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Could Target’s Position with Banks Be a Sign of Things to Come?

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Minneapolis, MNIt may have been one of the largest data breach events in US history, with millions of consumers affected. However, retail juggernaut Target Corporation (Target) has let it be known that it plans to aggressively fight any allegation that it dropped the ball in terms of security protocols, and its recent stance with banks and other financial partners could provide a bit of a window into Target’s potential strategy.

According to various sources, well over 100 million Target customers are believed to have had their personal and/or financial information compromised when Target was hacked last year. Data breach lawsuits are flowing in from disgruntled consumers not impressed that sensitive information may have fallen into the hands and control of unsavory individuals, not to mention the breach of a perceived trust that a merchant would ensure such information was kept safe and secure.

However, consumers aren’t the only litigants in this data breach case. Various banks and credit unions are also joining the fray, in an attempt to hold Target legally responsible for losses incurred in the wake of the massive hack, by way of an amended class-action data breach lawsuit against Target filed in August.

Target moved swiftly to counter the lawsuit, filing a motion to dismiss in September based on the banks’ claim that there is a relationship within the card transaction process between the banks and Target that allow for the underpinnings of a claim. However, Target countered that “issuing banks and merchants have no direct dealings with one another in the payment card transaction process,” Target said in its motion.

Then, on October 22, Target turned up the rhetoric, maintaining that merchants are not liable to issuers following data breaches. Under data protection laws observed by the state of Minnesota, plaintiffs are required to establish what is described as a “special relationship” in order to pursue allegations that one party failed to protect another from a third party. Target maintains that “courts have already established that type of relationship doesn’t exist between merchants and issuers.”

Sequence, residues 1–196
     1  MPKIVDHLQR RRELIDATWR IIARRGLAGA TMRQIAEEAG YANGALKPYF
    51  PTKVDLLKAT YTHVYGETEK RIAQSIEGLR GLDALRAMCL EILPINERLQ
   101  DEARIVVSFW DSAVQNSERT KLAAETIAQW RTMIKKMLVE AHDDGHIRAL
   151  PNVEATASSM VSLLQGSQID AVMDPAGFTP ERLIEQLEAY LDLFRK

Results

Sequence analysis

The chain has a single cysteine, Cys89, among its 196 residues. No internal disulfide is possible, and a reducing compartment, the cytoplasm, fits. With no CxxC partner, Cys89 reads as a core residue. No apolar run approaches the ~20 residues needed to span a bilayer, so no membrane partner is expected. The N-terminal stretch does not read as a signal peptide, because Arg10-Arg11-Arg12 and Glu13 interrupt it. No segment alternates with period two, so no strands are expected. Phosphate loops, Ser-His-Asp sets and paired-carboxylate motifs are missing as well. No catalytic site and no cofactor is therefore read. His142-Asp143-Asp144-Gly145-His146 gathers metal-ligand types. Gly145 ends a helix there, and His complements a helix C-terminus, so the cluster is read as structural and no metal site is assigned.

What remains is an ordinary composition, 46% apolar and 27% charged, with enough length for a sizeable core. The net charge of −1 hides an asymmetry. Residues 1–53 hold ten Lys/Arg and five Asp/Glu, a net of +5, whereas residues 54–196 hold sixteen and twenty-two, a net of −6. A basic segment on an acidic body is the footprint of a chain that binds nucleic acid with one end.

Target is based in Minneapolis, Minnesota.

Target also disputes any claims of negligence by the banks, noting that banks and credit unions had already noted in their complaint(s) that Target had been duly conforming to the recognized Payment Card Industry Data Security Standard (PCI DSS) protocol.

“The mere fact of a sophisticated criminal intrusion does not imply negligence,” Target said. “As to the gravamen of the banks’ claim - that Target ‘failed to adhere to applicable industry [security] standards’ - the banks admit Target was certified as compliant with ‘all payment industry requirements, including the [PCI-DSS],’ and offer no rejoinder to Target’s argument that the banks have not adequately pled any PCI-DSS violation.”

One is left to wonder if Target will play the PCI DSS card as a defense against consumer litigation and other data breach lawsuits currently residing in multidistrict litigation (MDL). The case is In re: Target Corp. Customer Data Security Breach Litigation, case number 0:14-md-02522, in the US District Court for the District of Minnesota.


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